engage magazine issue 006/\'08 - Page 15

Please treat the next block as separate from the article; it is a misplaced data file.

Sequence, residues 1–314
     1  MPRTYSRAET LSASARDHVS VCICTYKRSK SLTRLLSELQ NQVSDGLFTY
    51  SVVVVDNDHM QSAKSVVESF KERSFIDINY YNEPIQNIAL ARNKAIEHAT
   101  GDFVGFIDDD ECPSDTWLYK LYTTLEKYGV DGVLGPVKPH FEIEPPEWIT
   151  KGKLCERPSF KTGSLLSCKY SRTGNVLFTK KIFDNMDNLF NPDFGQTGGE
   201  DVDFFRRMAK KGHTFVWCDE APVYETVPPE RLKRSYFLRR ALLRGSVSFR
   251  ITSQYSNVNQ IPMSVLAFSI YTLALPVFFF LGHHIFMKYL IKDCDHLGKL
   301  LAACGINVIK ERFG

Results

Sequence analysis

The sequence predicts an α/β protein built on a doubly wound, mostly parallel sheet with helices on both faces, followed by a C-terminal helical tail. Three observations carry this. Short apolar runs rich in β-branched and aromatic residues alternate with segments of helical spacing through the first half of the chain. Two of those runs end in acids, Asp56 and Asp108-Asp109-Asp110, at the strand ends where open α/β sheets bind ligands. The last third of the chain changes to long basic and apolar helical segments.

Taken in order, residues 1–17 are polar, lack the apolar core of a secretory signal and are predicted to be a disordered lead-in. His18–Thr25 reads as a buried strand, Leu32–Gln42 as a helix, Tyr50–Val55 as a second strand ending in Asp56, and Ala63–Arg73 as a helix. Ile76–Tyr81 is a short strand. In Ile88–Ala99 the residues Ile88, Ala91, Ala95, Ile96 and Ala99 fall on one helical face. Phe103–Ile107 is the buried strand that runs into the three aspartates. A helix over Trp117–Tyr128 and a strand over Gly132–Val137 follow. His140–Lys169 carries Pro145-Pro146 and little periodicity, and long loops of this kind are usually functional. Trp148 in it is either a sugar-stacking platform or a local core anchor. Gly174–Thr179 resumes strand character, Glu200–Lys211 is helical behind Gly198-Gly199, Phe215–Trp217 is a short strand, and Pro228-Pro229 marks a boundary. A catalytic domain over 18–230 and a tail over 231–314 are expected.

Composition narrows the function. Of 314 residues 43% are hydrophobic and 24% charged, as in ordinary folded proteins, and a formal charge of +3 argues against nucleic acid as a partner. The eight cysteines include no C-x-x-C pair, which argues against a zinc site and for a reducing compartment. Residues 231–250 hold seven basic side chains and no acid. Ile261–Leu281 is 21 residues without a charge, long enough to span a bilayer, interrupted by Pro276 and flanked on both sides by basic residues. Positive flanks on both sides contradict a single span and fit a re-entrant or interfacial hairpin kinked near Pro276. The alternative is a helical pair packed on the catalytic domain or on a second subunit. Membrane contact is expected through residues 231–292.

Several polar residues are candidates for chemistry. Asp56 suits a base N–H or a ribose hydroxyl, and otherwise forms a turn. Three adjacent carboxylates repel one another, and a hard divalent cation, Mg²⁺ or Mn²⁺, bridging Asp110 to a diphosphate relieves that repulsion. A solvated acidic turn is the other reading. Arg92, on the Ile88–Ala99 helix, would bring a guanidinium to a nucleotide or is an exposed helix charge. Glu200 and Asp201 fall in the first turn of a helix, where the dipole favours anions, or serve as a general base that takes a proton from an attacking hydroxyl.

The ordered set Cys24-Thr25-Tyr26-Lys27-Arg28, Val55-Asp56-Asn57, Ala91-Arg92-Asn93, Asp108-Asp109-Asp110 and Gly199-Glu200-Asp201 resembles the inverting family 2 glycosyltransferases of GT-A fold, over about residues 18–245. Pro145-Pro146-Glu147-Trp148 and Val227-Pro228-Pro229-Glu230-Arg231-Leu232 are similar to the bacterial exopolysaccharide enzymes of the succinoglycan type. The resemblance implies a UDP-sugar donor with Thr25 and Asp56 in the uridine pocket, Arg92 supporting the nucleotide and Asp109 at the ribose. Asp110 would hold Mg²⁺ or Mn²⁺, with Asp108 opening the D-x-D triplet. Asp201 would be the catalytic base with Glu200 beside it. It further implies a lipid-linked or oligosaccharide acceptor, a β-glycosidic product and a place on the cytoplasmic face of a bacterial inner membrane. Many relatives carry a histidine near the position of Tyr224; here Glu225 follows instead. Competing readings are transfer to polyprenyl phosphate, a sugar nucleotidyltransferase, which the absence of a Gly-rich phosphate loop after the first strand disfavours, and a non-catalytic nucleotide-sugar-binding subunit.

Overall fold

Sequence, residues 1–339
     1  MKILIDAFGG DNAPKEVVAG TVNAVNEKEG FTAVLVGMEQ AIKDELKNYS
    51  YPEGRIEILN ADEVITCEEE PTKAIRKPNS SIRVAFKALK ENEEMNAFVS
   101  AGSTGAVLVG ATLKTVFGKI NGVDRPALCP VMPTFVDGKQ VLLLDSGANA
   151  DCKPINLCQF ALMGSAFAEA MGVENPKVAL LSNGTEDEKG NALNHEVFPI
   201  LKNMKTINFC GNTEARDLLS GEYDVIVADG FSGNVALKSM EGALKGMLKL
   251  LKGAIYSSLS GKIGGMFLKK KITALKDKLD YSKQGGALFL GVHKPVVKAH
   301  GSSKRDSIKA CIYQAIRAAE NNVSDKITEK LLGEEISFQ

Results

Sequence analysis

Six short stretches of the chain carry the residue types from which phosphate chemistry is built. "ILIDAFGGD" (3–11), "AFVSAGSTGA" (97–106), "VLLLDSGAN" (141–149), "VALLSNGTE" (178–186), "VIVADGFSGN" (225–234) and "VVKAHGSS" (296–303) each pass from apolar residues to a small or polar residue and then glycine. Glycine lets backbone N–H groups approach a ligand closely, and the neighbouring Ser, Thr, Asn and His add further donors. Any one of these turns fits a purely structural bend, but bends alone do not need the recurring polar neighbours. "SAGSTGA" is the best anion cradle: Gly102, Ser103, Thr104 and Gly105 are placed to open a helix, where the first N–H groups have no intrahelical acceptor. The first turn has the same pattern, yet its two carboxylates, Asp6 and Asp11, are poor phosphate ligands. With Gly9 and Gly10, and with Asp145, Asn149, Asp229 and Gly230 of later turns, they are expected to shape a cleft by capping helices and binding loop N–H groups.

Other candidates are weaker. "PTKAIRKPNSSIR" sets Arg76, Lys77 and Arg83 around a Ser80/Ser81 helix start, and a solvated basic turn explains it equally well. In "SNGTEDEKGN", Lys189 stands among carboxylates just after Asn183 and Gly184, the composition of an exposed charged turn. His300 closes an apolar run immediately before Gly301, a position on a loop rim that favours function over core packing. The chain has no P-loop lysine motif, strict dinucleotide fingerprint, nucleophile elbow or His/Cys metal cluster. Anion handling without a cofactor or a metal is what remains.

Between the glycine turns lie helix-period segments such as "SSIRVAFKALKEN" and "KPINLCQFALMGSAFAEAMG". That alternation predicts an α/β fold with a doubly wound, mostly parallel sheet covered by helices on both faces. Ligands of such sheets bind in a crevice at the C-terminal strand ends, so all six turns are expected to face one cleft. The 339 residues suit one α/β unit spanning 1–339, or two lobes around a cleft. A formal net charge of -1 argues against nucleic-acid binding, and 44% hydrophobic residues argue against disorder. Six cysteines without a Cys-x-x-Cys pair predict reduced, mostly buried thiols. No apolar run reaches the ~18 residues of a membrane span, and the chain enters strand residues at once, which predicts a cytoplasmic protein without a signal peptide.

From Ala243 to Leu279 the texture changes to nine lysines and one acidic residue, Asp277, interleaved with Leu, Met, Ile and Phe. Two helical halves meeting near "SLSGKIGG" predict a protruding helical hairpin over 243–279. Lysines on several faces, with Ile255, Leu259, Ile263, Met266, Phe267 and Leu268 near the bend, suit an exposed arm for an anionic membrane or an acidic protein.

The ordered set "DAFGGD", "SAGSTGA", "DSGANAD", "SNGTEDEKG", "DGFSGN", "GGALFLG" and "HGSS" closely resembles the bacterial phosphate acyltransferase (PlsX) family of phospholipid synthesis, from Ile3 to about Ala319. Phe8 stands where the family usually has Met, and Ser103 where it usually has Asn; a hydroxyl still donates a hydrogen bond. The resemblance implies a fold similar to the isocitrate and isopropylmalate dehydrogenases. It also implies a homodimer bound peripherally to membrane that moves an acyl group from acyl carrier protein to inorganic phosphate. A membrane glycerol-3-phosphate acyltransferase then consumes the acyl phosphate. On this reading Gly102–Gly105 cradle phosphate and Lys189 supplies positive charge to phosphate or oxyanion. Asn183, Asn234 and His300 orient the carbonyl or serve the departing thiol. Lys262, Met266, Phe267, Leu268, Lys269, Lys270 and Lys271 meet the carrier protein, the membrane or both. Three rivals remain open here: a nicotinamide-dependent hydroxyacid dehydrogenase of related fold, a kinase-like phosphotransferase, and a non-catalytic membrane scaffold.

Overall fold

NEWS FOCUS 15 News Researchers also looked at the spending patterns of ethnic groups, and found Black and Asian consumers would be more inclined to purchase a product if they noticed it was advertised to multi-cultural consumers. In some sectors, ethnic minority spending per head is significantly higher: for example, Black and Asian consumers spend 44% more on clothing on average per month than White consumers. Four out of five Black, Asian and Chinese respondents agree religion and cultural background are important to them, with Black consumers in particular being very strongly inclined to admire celebrities in film, TV, music and sport from their own ethnic background, highlighting the importance of brands using the right celebrities and spokespeople to front campaigns. Black respondents’ most admired top three film, music, TV and sport celebrities are all of Black ethnic origin, and Asian respondents’ most admired top three film celebrities are all of Asian ethnic origin. Kylie Minogue tops the poll for White, Asian and Chinese respondents but is the least favourite for Black respondents, 39% of whom chose Oprah Winfrey as their favourite TV celebrity, compared to only 5% of White respondents. There are also major differences in brand preference between ethnic groups. For example, around two-thirds of Black respondents think there are not enough mainstream haircare products available to meet their needs, compared to only 13% of White respondents. As a result, the top brands for Black audiences in the UK are specialists such as Dark and Lovely rather than mainstream brands such as Head & Shoulders, which was most popular with Asian, White and Chinese audiences. It’s a similar story in the skincare and make-up sectors, where the majority of respondents feel there are not enough mainstream products to suit their skin. In the drinks sector, 55% of Asian respondents say they do not drink alcohol and thus prefer to spend money on a wide range of soft drinks brands such as Ribena, Tropicana and leading Asian juice brand Rubicon, which communicates very effectively with Asian audiences and is rapidly gaining market share. In the fashion brands sector, Gucci was the clearly preferred luxury brand of the Asian, Black and Chinese respondents. One in three Black and Asian respondents (33% & 32% respectively) identify Nike as one of the brands they buy most often, compared to only 20% of White respondents. More than half (54%) of Black respondents buy Primark fashion often, compared to less than a quarter (22%) of Chinese people. Ethnic Minorities Population 33% Inner London Ethnic Minorities Groups 2003 25% Outer London Ethnic Minorities Groups 2003 increasingly diverse, companies are steadily realising the opportunities of communicating to the multi-cultural market, but it is apparent that many still do not fully understand how to effectively tune in to the spending power of ethnic groups.” MCC head Rakhee Vithlani says “As the UK becomes ISSUE SIX 2008 engage | uk